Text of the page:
Tablet or powder? See which type tops our test.
Don't waste your money on a dud detergent. Find out which were best for removing six common stains, including red wine and baked-on cheese.
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While tablets perform better than powders, their superior cleaning comes at a cost. The powders we’ve tested cost between 13¢ and 16¢ a wash, while tablets range from 30¢ a load up to 78¢. When you’re shopping for tablets, check how many each pack contains to make sure you’re getting value for money.
Rinse aid helps water spread evenly over the surface of your dishes, making droplets less likely to form and leave spots, and hastening drying. Almost all tablets claim to contain rinse aid. Powders often don’t have rinse aid as it needs to be released at a certain point in the wash.
Always keep your dishwasher detergent well out of reach of children, and keep the packaging so you can quickly identify the product. Medical advice is available 24/7 from the National Poisons Centre (0800 POISON). If someone ingests a detergent, call an ambulance. For more information, see our dishwasher detergent safety article.
Some products claim to be safe for septic tanks, but you should always consult your tank’s manual or manufacturer before using a new dishwasher detergent.
Buying detergent in larger packs often reduces the cost per wash. However, as they’re likely to be stored for longer, this increases the chances of moisture in the air causing tablets stick together and powder to clump.
To help avoid this, keep your detergent in an airtight container, unless the manufacturer’s packaging can be sealed completely. Keep the original packaging, as this can help with identification if someone ingests it or the product’s recalled.
Phosphates are bad for the environment. They promote algal growth in waterways, which chokes the natural vegetation. Until recently, it was common for phosphates to be used in household detergents as they help remove food and grease and soften water.
Phosphates are no longer necessary in dishwasher detergents, and none of our latest test batch contain them, according to their manufacturers. Instead they rely on enzymes and surfactants. Our testing shows this doesn’t affect their ability to clean, as the top-performing products for the past two years were all phosphate-free.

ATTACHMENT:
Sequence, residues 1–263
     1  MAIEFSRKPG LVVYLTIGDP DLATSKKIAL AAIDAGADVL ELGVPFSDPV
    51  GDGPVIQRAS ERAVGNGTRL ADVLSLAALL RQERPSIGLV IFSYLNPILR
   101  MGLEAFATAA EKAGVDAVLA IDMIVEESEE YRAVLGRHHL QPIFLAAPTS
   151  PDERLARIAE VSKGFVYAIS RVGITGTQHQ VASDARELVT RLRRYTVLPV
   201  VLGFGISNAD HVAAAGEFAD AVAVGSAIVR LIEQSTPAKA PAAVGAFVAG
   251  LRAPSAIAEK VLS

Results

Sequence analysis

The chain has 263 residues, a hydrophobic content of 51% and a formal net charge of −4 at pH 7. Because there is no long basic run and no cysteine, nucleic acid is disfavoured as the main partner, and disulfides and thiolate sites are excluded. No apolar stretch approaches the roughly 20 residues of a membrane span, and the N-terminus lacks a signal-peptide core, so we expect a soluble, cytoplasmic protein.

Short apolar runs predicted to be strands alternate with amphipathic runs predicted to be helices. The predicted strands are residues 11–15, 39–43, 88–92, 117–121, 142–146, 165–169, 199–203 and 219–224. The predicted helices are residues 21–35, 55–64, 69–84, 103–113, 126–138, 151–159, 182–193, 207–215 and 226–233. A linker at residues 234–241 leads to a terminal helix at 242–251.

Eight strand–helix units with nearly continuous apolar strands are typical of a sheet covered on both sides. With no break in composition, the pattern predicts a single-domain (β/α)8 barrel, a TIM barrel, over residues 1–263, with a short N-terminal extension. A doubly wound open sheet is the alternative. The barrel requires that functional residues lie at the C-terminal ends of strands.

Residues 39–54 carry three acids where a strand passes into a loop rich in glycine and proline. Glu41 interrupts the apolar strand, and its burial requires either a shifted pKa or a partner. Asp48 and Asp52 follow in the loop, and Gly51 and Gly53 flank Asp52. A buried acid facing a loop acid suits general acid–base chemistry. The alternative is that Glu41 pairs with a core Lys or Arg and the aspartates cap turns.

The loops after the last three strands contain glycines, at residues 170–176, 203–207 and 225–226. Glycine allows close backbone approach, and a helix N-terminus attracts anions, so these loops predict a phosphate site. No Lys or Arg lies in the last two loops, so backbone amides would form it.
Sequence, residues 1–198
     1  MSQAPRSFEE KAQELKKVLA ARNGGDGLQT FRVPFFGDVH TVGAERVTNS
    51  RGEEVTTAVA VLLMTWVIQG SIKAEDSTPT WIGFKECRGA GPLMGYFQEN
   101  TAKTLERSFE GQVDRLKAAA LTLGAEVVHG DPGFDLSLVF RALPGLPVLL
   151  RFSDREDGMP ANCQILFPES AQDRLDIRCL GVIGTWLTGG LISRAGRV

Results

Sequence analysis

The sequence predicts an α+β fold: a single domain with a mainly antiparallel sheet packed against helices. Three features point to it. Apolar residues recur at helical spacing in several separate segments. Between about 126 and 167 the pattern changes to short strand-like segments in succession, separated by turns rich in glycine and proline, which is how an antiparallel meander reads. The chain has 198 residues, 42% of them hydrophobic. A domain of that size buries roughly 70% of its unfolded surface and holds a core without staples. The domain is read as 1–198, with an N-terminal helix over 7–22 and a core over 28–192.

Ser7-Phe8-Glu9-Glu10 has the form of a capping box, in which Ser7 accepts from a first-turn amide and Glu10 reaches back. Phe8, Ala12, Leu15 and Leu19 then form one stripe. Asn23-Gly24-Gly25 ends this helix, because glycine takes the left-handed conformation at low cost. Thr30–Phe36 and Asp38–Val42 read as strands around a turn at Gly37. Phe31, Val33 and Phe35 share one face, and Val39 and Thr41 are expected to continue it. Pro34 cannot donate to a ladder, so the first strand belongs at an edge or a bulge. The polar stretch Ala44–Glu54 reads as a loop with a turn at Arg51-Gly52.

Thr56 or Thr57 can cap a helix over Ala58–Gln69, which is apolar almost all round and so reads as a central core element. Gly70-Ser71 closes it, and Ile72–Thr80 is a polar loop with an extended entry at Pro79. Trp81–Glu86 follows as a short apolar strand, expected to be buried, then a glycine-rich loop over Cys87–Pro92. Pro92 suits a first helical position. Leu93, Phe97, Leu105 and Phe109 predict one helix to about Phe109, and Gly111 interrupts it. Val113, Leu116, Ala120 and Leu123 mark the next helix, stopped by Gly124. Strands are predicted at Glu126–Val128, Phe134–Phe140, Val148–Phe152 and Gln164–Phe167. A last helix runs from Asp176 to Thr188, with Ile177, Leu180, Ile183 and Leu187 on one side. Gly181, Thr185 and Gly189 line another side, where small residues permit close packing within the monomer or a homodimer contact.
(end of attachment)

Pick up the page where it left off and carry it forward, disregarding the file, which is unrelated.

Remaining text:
However, phosphates may still be in some detergents. Parallel-imported detergents, even when sold under the same name, might have a different formula and performance to those sold in supermarkets. Over the next few years it will become unnecessary to make phosphate-free claims, as it becomes accepted that dishwasher detergents shouldn’t contain them.
For this year’s test we included three parallel imported dishwasher detergents. We don’t normally test these types of products as confirming their ongoing availability is difficult. This proved the case with two of these detergents – we couldn’t find them in stores by time of publication (so we haven’t published their test results).
Parallel imported detergents are genuine (in other words, non-counterfeit) products brought into the country by a store or distributor without the manufacturer’s permission. For example, Reckitt Benckiser New Zealand owns the Finish brand and supplies most stores, such as supermarkets, with formulas and approved claims it considers relevant for the New Zealand market. However, some companies, such as The Warehouse, import Finish products from other regions in the world. These imported products may not comply with local regulatory requirements.
Parallel imported products can often be identified by languages other than English on the packaging, and a safety and ingredients sticker added with information, such as the importer name and National Poisons Centre information.
Often a parallel imported product will have an almost identical name to ones provided by the local distributor, but they likely have different formulations meaning they’ll perform differently.
While we couldn’t publish the results for two of the parallel imported products, testing them did help us answer a few questions.
Of the three parallel imported products, the two that are no longer available would have earnt our recommendation. The one that’s still available, Finish Powerball Quantum sold at The Warehouse, didn’t quite meet this threshold as it was poor at removing red wine residue.
Since 2007, dishwasher detergents sold here can’t have a pH above 12.5. With every dishwasher detergent test, we check if any breach this threshold. All three parallel imported products had a pH below 12.5.
We found a few parallel imported Finish detergents that looked very similar to New Zealand licensed products. However, Reckitt Benckiser New Zealand, which produces Finish, told us that the formulas of parallel imported products will likely be different to those it supplies and are sold in supermarkets.